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  Environment » Natural Resources » Water » Groundwater » Protecting community groundwater sources

Protecting community groundwater sources

We often take a plentiful supply of clean drinking water for granted. In the future we will depend more on groundwater supplies and they must be protected from contamination. Contaminated groundwater can endanger people’s health and the environment.A photograph of an example of good well-head completion

On this page: Communities and groundwater, Groundwater contaminants, Prevention is better than cure, What Waikato Regional Council is doing, Supply owners, You can help!, More Information.

Communities and groundwater

Many Waikato rural communities rely on groundwater for their water supply. Community groundwater supplies in the Waikato include:

  • about 90 schools
  • about 30 community supplies managed by district councils
  • numerous motor camp supplies.

Groundwater contaminants

Contamination of groundwater usually happens gradually and can go unnoticed for some time. Most contaminants come from the ground surface, so shallow water table aquifers with thin soil cover are easily contaminated.

Contamination of groundwater can come from:

  • human and animal effluent
  • disposal of industrial wastewater
  • leakage from landfills
  • fertilisers and pesticides
  • leakage from pipelines and underground storage tanks
  • seepage from mining operations
  • salt water intrusion.

Find out more about monitoring groundwater.

Prevention is better than cure

It is much easier to prevent groundwater contamination than to try to fix it afterwards. Trying to clean up contaminated drinking water is very costly and often not practical.

By comparison, protecting source water costs very little and is a ‘common sense’ approach to safeguarding public health and the environment.

Community groundwater supplies must be registered with the Ministry of Health and monitored to see if they meet drinking water standards. The drinking water standards for New Zealand list maximum acceptable values for:

  • microbial contaminants
  • chemical contaminants
  • ‘aesthetic’ values (relating to nuisance rather than health concerns, for example, staining).

What Waikato Regional Council is doing

Waikato Regional Council uses a range of methods to manage groundwater resources, including:

  • Regulating activities likely to cause contamination, such as wastewater discharge.
  • Making sure wells are properly constructed, completed and separated from likely sources of contamination.
  • Educating the public (in partnership with health authorities and district councils) about ground water source protection and the need for appropriate land use near groundwater supplies.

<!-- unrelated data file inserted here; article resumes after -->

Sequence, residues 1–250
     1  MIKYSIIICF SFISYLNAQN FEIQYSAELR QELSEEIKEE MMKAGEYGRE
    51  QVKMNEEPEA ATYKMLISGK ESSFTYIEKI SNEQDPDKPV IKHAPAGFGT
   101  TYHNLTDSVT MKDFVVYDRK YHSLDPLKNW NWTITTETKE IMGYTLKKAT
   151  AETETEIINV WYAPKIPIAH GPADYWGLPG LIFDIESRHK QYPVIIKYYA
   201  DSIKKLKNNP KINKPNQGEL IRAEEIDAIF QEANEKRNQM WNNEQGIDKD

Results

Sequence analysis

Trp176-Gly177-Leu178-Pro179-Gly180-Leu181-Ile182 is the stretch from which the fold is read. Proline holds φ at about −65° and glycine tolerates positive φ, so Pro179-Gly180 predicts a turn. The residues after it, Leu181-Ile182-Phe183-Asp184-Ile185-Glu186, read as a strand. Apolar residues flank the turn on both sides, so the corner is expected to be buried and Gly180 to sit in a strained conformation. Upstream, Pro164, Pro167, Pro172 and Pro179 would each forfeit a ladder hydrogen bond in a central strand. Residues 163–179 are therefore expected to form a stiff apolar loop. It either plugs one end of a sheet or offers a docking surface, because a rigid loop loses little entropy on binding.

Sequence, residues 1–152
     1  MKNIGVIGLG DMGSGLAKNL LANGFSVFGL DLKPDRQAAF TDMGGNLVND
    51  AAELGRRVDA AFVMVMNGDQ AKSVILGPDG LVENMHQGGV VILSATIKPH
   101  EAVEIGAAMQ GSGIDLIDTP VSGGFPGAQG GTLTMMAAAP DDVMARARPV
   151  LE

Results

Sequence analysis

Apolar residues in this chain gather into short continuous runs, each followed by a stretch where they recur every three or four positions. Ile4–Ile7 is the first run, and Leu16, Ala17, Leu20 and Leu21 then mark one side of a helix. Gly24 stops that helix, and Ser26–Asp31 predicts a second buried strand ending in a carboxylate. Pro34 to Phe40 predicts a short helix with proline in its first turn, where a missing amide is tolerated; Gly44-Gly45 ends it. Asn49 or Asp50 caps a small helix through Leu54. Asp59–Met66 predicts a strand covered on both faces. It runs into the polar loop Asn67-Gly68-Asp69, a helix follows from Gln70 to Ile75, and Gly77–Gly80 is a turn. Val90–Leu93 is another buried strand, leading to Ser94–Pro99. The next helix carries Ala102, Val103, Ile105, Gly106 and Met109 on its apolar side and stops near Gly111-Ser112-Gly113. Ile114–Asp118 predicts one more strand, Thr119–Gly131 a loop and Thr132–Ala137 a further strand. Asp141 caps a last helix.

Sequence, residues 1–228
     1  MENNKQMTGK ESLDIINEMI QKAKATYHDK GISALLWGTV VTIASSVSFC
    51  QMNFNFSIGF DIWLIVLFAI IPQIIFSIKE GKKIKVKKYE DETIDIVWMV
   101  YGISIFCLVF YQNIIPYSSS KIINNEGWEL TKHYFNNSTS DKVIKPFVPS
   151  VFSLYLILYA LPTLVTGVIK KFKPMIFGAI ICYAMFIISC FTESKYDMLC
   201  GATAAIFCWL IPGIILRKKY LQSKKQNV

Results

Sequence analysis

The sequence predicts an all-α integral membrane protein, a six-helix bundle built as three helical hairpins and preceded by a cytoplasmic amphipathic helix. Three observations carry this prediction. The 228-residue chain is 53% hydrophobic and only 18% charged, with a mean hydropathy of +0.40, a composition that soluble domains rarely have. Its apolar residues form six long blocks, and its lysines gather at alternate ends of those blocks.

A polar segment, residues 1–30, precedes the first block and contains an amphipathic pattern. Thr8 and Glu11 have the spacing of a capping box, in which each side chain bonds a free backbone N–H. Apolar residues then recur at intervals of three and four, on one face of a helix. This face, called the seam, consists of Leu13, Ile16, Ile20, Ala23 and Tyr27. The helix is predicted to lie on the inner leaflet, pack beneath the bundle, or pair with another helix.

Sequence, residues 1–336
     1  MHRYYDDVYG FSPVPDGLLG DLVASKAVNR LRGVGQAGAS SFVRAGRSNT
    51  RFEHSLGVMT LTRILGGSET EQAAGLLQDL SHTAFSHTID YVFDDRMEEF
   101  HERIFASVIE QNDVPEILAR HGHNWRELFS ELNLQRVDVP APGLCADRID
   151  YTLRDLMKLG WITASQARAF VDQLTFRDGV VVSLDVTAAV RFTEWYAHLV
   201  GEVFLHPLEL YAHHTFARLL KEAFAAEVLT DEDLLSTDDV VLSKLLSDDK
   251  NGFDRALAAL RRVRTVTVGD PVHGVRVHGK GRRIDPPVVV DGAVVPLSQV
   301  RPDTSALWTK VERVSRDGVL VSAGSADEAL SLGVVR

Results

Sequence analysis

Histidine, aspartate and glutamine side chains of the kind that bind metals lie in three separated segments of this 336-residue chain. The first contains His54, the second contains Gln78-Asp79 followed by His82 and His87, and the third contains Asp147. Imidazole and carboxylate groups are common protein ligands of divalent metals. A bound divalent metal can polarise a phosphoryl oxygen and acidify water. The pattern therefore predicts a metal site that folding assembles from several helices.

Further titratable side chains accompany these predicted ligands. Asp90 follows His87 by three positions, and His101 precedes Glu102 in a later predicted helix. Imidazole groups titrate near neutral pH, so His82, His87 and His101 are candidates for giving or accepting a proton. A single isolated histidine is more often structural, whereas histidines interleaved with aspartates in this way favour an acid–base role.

• Working with industry to develop codes of practice and industry guidelines.
  • Monitoring ground water quality, investigating issues and providing information to the public.

Supply owners

Supply owners or managers should develop risk management plans to protect groundwater drinking sources. These include:

  • An assessment of how vulnerable the source water is to contamination.
  • Prevention and restoration measures.
  • Information for supply users on the risk of contamination.
  • Ongoing monitoring and review.

You can help!

Communities can protect groundwater supplies by:

  • Making sure wells are properly completed, sealed (including a concrete pad), and protected to prevent surface contamination.
  • Storing chemicals away from wells.
  • Registering supplies and monitoring water quality.
  • Defining well-head protection areas.
  • Documenting potential sources of contamination.
  • Working with councils and advocating for appropriate land use restrictions.
  • Developing and regularly reviewing risk management plans.

Well-head protection areas control certain land uses in the area contributing water (and potentially contaminants) to a groundwater supply. There are a number of methods which can be used to map well-head protection areas and we advise consulting a specialist hydrogeologist.

More Information

You can order a copy of our factsheet on protecting community groundwater.

Learn more in our indicators that measure groundwater quality in the Waikato region, including nitrate and pesticide levels.

Check out the national drinking water standards on the Ministry of Health(external link) website (online publications).

For further information call Waikato Regional Council's Freephone 0800 800 401.

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